I’ve been volunteering at a community center for the past few weeks and though nothing out of the unusual occurred during yesterdays shift, one comment between two paid workers of the center left me reeling.
I don’t know if you’re aware but it must be common practice for centers and churches such as these to offer food parcels to those in need. I had never known this prior and it was actually one of the very first things I actually took part in on my first day working there. The lovely lady working aside me on the day shined light on the procedure and generally what you’d give to someone who comes in requesting a food parcel. The basics were that you show compassion and be as generous as possible.
Being compassionate and empathetic is not something I struggle with, especially when the phrase “it’s always darkest before dawn”, seems to be ones life story.
So believe my surprise when I say I was somewhat scolded for being overly generous yesterday to two ladies in their sixties. Well maybe not so much scolded but ‘informed’.
Two ladies wearing matching cotton sweaters and pants both somewhat reminiscent of those who’d seen glory in the late eighties and early nineties came in requesting food parcels for their families. Hair pulled up in matching chignons and thick with hairspray. And both faces caked with foundation laced in powder, eyes bright with blue eyeshadow and lips roughly painted in bright pink lipstick.
An ensemble of sartorial splendor? Definitely not.
Wealth? Who could truly say?
So I went into the churches kitchen pantry and prepared shopping bags for both ladies. Hardly a gourmet selection but I gave as much as possible and wished them all the best and as they left the building the office manager proceeded to tell me how food parcels should be limited to one bag per person and to not serve them should they come back in a fortnight!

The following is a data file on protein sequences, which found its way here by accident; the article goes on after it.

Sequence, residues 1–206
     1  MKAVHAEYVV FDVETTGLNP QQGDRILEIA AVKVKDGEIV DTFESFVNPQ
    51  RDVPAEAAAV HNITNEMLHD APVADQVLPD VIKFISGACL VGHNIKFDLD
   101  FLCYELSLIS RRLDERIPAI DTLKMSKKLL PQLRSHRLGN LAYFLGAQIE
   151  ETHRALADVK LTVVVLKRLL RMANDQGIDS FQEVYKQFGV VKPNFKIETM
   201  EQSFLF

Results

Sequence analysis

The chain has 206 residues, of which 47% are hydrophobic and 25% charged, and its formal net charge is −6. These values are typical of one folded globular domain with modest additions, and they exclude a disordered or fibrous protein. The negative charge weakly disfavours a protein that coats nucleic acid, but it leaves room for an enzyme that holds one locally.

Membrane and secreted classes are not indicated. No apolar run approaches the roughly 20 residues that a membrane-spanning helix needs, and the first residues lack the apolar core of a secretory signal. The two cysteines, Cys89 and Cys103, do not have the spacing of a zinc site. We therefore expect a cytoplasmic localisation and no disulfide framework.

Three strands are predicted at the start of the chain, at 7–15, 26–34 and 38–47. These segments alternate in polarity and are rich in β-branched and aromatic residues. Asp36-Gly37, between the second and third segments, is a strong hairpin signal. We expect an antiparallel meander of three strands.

Her beef with the ladies was that they arrived in a shiny Honda Accord Euro. And because they drove a ‘flash’ car they were not worthy nor in need of our assistance!
But I felt like I saw the exuberance for what it was worth. All that primping was a vain attempt to blind one from the obvious and asphyxiating odor that drifted to passersby. I firmly believe they are very much in need and have no regrets providing them with a measly two grocery bags full of canned goods.
Goods that will hardly last a week let alone a fortnight or month!
The spat had me comparing my own situation to theirs. Just because they drove a car that is around ten years old now (mind you I am hardly a motoring enthusiast and taking a wild guess here) does not mean they are not facing hard times. Just because ones surface is all bright and shiny, doesn’t mean it’s not necessarily distracting from horrible truths beneath.
I do it myself. Everyday. No one really understands how dire my own situation is at present because I walk out of these walls presentable, carry a Marc Jacobs handbag and a smile on my dial, regardless of if I feel it or not. I look ‘normal’ so no one questions or looks at me twice even though I’m virtually dying inside from stress and uncertainty. They don’t notice that the clothing I wear is last season or older, the one or two holes that usually spot my tops and that I virtually wear the same ensembles day in and out. I carry a bag that I wish I could sell on eBay, yet can’t because of one or two scratches that considerably belittle it’s true worth.
If I were to visit a church and ask for a much needed food parcel, with the preconceptions of those girls I would be shunned away without hesitation all because I looked ‘normal’. Apparently being drug f***ed, donning torn clothing and having greasy hair is a prerequisite for such service. It’s ridiculous and unfair. Judging someone solely on their appearance is never ok because we see what we want to see. We never examine what is before us and allow polished or slick surfaces to make presumptions. If we just looked, really looked at someone square in the eye we would see truth.
God help me should I ever find myself living in my own vehicle.